Blood and Roses

Eyes squint from facing into direct sun, arms tremble from being held above head-height, hands shake, fingers twitch. Just one more knot needed to tame the rose and fix it against its tower. The conspiracy of an evil breeze, a sinking feeling and the tie slips before it can be secured. Twine flutters to the ground and the stem of a thousand thorns is suddenly released, springing back with temporary freedom. On its way it caresses the back of the hand, a wince, a line of red fire, another to add to the score.

It takes a certain type of person to tie in climbing roses in just a tee-shirt. To reach inside a tangled mass of armoured stems bristling with hooked thorns, all to shape the rose into a structure to promote flowering. Normally a climbing rose will just send up long straight canes that will happily flower in a bushel right at the very top, ten feet in the air. For a better display, the trick is to contort the wayward stems, while still flexible, into horizontals against a wall or spirals round a rose tower. When a stem is set from vertical to horizontal a hormonal signal causes latent buds to break along its length and these can often flower. The rose knows what orientation its stems are in and leaves that face odd directions will re-orient themselves in days, like solar panels tracking the sun.

Going even further, a long bendy stem can be bent all the way round such that instead of reaching to the sky, it’s plunging into the ground and indeed, this is a form of layering that can give you a whole new plant. The part of the stem under strain, from having been bent round, will also break bud and flower along its length. This way climbing roses can be manipulated into much heavier, fuller flowering from the top almost down to the base.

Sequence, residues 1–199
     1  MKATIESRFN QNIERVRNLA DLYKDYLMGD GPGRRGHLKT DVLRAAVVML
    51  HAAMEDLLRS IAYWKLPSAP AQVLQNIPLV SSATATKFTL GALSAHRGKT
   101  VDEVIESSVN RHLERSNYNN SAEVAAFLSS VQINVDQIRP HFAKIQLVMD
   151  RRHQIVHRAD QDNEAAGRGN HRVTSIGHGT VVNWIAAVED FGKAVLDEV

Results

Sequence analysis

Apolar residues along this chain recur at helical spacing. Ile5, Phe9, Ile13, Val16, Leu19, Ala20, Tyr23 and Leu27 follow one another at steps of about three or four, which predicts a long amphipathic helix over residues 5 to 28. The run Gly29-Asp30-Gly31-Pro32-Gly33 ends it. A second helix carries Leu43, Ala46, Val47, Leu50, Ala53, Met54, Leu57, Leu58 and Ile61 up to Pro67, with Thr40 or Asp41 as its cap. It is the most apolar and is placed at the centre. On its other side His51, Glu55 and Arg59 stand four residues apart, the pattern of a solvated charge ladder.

I’m sat here typing this with plasters on my fingers and scratches on my hands. Thick gloves can’t tie string, thin gloves don’t protect. With over twenty climbing roses in the garden (some thankfully thornless), tying in roses is not a job I look forward to. It requires patience, calm and above all, a suppression of the reflex to snatch the hand back whenever it feels the prick of a thorn. Sudden reflexive moves in the middle of a crowd of rose stems makes for a very painful gardening session. The rose will appreciate the tying in to a support for stability, flowering and protection, it just has a funny way of expressing it.

Closer to mid-summer, when the roses are in full flower, I will have forgotten the throbbing fingers and painful hands, after all, no one comes away from taming the Queen of Flowers without some scars to show for it.


  1. Why must roses be so beastly?? Beauty shouldn’t involve so much pain. I’m adding two more roses to the garden this spring and I hope the thorns aren’t killers. Perhaps you should consider chain mail!


    1. Hello Tammy, I think the razor-sharp thorns are all part of the charm. I’m hoping the blackspot and rose sawfly don’t run rampant this year. Forget chain mail, it’s a chain saw I could do with!


  2. Sunil, I feel your pain! Just yesterday Darcy Bussell grabbed me and gave me a thorny hug. Ouch. I try to wear my special rose gloves that extend up to my elbows. But as you say, it is hard to tie anything with those thick fingers. But you are right, come June we will forget the pain. I just make sure to put some antibiotic cream on bad scratches. Take care!!


    1. Hello Lynn, we have that one in the front rose bed and it is particularly thorny, there’s just no place to hold the stem that’s not covered in thorns. Even the flower stems are armoured. It’s a stunningly deep red velvet rose though, very sumptuous.


  3. And people think gardening is such a genteel activity! Roses are definitely not for sissies.


    1. Hello Jean, who would have thought that gardening takes nerves of steel!


Leave a Reply to Sunil Patel Cancel reply

This site uses Akismet to reduce spam. Learn how your comment data is processed.